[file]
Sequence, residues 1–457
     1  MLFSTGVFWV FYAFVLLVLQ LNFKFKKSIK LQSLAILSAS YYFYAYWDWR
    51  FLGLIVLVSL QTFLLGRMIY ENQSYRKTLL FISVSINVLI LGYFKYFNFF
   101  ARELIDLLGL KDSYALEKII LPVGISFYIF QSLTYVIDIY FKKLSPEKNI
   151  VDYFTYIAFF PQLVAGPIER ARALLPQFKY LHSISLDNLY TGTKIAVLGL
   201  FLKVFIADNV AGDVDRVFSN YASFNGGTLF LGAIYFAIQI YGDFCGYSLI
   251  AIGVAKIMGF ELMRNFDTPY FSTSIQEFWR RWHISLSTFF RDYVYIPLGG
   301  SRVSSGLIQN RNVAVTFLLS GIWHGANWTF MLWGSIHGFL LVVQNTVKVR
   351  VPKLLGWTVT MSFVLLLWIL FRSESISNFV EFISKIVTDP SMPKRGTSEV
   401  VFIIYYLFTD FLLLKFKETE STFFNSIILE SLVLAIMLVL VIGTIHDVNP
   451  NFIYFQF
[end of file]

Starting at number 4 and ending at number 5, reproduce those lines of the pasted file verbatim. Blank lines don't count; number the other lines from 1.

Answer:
   101  ARELIDLLGL KDSYALEKII LPVGISFYIF QSLTYVIDIY FKKLSPEKNI
   151  VDYFTYIAFF PQLVAGPIER ARALLPQFKY LHSISLDNLY TGTKIAVLGL